I’ve suffered from anxiety and depression, in varying degrees, for most of my life. It wasn’t until about 15 years ago that it began to worsen. I’d had career success as a video producer, graphic and multimedia designer, and then as a senior lecturer in digital media. When my mental health deteriorated, I had numerous admissions as a psychiatric patient, and I experienced what I call ‘the revolving door of mental health’. You go in after an acute episode, stay a day and then you’re shown the door.

In recent years, however, I have journeyed far from this experience, after being a consumer at St Vincent’s Hospital Melbourne’s Prevention and Recovery Care (PARC) facility in North Fitzroy (run in partnership with Wellways), becoming a volunteer in the Wellways Life in Community program (LINC) and my employment as Peer Support Worker at St Vincent’s Footbridge Community Care Unit. Each of these steps has been an important part of my recovery.

As Nietzsche once said: ‘And if you gaze long into an abyss, the abyss also gazes into you’. Well, I made that mistake and I became really unwell. I was lucky enough to be homeless, (if one can say such a thing) and, as a result, I was admitted to the Acute Inpatient Service at St Vincent’s. This was the beginning of my turning point towards recovery.

A PARC is what’s known as a ‘step up, step down’ service, meaning a person can step up from the community or step down from hospital. It’s a residential setting that provides both clinical and social support, and for those ‘stepping up’, it will hopefully prevent a hospital admission. It is a place where someone can access intensive support to work on one or more specific goals. 

After six weeks in the inpatient unit I was discharged to the North Fitzroy PARC. I can’t tell you the sense of relief I felt at being given a room of one’s own, and such a nice one at that. They all have comfy beds, ensuite bathrooms, a fridge and a safe for medications. 

Fitzroy PARC has 10 beds. Sometimes they have a full house and at other times there will be fewer people. Regardless of how many people are there, it has a much more relaxed feel than being on the ward.

A day at PARC starts between 8am and 10am with breakfast items available in the kitchen. If you’re not up by about 11am, staff will come and give you a nudge, mainly to see how residents are, but also to make sure we don’t spend the whole day in bed.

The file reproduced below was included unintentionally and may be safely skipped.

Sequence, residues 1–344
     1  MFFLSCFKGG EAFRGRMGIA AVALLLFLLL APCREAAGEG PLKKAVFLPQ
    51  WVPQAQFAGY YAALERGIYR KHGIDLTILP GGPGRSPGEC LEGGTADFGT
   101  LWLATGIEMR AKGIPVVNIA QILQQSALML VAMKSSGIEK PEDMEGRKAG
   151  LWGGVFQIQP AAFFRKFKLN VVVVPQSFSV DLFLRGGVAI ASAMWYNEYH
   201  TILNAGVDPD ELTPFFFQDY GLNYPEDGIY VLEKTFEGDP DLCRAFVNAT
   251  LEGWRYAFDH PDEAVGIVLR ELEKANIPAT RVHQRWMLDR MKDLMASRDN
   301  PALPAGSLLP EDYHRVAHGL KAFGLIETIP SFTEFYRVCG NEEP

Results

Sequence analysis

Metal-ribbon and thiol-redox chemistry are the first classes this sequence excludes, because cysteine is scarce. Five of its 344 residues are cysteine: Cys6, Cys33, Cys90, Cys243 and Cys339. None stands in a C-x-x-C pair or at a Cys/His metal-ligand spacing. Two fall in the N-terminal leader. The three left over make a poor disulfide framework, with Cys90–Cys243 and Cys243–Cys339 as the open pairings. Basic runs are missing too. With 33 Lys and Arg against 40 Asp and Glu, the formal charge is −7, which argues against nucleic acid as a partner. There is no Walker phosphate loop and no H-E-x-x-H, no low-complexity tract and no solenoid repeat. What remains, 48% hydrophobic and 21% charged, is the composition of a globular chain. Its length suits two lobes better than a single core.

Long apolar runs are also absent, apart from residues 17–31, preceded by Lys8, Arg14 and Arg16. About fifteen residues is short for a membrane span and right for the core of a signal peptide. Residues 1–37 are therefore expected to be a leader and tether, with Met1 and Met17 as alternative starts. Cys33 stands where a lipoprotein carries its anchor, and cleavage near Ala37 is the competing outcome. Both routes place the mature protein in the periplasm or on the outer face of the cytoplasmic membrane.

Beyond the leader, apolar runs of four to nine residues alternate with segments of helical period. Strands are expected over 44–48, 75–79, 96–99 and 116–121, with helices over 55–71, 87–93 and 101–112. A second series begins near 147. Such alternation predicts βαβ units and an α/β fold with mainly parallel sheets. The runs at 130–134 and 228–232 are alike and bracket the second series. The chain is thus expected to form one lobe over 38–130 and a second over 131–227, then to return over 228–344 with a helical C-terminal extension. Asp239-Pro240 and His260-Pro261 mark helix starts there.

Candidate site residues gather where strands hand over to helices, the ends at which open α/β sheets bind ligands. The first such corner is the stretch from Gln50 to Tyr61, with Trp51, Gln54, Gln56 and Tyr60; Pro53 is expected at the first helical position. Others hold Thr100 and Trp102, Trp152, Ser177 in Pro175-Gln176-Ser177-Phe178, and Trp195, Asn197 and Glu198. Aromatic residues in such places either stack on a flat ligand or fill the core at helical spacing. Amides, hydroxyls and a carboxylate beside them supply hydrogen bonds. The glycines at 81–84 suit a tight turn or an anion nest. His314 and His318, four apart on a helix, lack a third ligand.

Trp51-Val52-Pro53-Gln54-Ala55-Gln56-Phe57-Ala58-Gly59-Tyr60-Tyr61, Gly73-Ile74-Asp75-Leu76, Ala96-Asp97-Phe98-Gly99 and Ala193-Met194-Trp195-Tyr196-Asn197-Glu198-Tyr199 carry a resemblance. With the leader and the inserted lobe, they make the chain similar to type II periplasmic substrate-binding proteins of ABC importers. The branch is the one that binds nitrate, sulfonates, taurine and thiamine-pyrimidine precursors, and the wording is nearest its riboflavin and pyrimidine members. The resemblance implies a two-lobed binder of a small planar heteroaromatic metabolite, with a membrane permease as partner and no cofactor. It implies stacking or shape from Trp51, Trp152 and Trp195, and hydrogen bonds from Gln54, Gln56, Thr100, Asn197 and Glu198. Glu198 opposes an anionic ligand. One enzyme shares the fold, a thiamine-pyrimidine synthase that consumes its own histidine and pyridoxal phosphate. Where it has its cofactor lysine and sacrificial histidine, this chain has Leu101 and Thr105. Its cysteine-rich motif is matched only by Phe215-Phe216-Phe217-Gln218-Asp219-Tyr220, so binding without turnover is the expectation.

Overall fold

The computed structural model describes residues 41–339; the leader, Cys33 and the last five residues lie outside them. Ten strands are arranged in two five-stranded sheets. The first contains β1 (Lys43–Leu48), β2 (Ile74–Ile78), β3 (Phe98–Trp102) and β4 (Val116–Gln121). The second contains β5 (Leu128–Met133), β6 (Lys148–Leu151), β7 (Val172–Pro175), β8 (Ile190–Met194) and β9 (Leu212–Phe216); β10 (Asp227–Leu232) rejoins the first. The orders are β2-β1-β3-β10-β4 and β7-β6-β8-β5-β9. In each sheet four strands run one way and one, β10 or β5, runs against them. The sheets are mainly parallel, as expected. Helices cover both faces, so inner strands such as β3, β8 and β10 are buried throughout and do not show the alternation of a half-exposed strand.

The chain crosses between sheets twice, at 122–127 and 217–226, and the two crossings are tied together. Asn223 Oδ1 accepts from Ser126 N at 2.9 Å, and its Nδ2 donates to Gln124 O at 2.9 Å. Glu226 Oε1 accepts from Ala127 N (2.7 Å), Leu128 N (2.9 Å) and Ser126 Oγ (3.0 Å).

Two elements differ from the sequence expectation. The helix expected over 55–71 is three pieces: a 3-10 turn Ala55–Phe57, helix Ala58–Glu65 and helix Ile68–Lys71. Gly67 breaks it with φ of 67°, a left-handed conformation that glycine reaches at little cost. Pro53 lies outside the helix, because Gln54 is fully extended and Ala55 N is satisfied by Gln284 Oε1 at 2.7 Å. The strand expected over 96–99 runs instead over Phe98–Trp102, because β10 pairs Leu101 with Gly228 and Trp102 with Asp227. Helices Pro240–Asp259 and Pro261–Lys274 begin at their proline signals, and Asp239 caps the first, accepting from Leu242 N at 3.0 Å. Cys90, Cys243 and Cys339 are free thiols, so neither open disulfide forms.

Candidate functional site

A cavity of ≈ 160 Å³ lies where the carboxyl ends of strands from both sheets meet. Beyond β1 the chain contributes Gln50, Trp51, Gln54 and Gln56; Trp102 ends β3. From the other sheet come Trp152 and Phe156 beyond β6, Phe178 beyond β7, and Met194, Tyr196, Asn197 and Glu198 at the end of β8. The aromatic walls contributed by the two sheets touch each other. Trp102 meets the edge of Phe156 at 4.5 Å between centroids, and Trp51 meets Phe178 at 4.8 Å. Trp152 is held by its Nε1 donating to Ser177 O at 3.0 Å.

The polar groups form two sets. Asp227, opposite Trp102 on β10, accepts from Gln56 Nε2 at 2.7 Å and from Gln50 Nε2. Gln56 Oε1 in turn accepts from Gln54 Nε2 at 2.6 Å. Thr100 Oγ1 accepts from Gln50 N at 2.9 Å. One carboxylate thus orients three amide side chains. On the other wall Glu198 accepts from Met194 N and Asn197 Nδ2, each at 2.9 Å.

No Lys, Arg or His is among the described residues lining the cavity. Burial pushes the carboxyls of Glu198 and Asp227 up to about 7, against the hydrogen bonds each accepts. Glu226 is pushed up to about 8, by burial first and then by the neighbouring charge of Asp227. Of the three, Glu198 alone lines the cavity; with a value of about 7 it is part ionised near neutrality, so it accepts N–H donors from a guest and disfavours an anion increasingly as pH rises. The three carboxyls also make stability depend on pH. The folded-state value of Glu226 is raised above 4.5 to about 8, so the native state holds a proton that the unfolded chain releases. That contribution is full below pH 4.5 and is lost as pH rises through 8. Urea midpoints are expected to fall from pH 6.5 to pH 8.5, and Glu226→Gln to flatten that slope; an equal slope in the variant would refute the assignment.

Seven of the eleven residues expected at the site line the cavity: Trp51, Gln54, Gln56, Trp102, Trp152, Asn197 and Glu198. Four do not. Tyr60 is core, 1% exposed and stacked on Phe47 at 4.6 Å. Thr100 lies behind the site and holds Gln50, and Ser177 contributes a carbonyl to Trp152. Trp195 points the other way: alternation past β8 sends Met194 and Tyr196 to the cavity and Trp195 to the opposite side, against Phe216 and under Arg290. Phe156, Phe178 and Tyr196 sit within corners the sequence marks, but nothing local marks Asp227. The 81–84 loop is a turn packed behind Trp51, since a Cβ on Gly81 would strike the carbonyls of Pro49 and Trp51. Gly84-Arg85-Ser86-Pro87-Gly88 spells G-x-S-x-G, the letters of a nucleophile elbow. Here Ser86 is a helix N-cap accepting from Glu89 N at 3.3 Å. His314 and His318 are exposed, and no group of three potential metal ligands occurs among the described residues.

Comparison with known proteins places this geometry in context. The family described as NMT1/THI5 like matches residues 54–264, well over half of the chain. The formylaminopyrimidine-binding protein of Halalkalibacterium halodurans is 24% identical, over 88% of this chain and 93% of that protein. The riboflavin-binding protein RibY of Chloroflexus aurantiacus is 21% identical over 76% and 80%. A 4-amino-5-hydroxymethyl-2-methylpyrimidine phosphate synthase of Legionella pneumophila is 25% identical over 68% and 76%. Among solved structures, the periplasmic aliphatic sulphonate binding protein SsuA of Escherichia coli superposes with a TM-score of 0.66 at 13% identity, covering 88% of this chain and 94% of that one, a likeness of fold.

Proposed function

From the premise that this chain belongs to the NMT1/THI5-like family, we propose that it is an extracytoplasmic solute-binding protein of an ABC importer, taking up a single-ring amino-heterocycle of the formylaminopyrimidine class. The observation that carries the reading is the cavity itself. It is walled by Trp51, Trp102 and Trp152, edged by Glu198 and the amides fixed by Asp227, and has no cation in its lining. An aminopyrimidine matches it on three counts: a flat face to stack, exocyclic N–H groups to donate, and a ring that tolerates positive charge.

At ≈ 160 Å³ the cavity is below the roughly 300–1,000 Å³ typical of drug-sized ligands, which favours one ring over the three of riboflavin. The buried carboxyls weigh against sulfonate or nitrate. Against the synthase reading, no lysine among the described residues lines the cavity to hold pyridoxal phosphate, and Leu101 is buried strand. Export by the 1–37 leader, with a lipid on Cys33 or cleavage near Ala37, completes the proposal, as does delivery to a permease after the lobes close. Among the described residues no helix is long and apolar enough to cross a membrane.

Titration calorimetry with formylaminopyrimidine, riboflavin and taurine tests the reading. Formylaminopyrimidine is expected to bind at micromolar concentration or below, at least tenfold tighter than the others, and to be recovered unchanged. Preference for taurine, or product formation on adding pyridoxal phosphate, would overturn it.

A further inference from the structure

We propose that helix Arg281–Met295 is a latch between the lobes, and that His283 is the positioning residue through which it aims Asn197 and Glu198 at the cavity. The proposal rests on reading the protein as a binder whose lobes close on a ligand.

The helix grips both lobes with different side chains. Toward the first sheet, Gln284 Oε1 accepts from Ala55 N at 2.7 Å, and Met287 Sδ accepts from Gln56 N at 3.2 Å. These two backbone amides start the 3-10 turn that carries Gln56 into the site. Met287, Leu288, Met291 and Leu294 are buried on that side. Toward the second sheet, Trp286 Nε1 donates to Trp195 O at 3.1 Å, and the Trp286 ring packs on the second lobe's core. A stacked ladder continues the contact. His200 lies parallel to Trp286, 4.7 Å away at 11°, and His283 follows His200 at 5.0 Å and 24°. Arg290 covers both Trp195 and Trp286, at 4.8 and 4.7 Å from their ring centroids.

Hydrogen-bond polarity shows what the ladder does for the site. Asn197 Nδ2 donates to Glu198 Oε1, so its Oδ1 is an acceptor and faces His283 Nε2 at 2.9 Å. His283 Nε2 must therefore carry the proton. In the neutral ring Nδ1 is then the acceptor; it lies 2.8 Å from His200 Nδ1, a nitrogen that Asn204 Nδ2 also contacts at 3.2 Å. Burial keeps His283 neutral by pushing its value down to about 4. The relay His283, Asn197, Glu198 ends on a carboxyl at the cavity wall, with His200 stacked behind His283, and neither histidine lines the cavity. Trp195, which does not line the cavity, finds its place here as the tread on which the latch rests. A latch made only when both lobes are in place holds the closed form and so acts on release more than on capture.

An important part of PARC is establishing a routine. In the first few days, residents have a meeting with their program worker – someone who acts like a case manager. During these meetings we had conversations about some of the things I enjoy doing and what I hoped to achieve while staying at PARC.

PARC residents have the opportunity to join one of the groups that are offered. These range from cooking, art and music, to name a few. People can also do things in the community and there’s a shopping run once a week.

From time-to-time, residents meet up with their program worker to chat about how they are travelling.

The communal kitchen at PARC encourages residents and staff to socialise but does not force them to do so. It’s nice to walk into the kitchen and be greeted by a staff member quietly finding the edges of a puzzle or engaged in conversation with another consumer.  

One of the things that I really liked about PARC was having a choice. A choice of whether to do something or not, rather than being told what to do. People are around if you need them, and if you don’t, that’s ok too. There is also a much greater degree of autonomy, and within reason you can come and go as you please. The staff at PARC are recovery-focused, however, they also have an ability to be flexible in their approach. This is really important, because, as you know, we’re all different and what works for me won’t necessarily work for you. Another important part of PARC is the weekly community meeting, the purpose of which is to plan the week ahead. This involves consumers making a contribution to the upkeep of PARC, and it is also an opportunity for people to provide feedback.

My stay at PARC was for the full 28 days and, when I left, I was in a much better place. For the first time in years I’d had the opportunity to just ‘be’ without the pressure of having to do life stuff.

I stayed with my parents for a few weeks before finding a place of my own. Since then I am happy to report that I have not had another hospital admission as a psychiatric patient.

Jeremy Le Roux
Peer Worker at St Vincent’s Footbridge program

Read part 2: My experience: Life in Community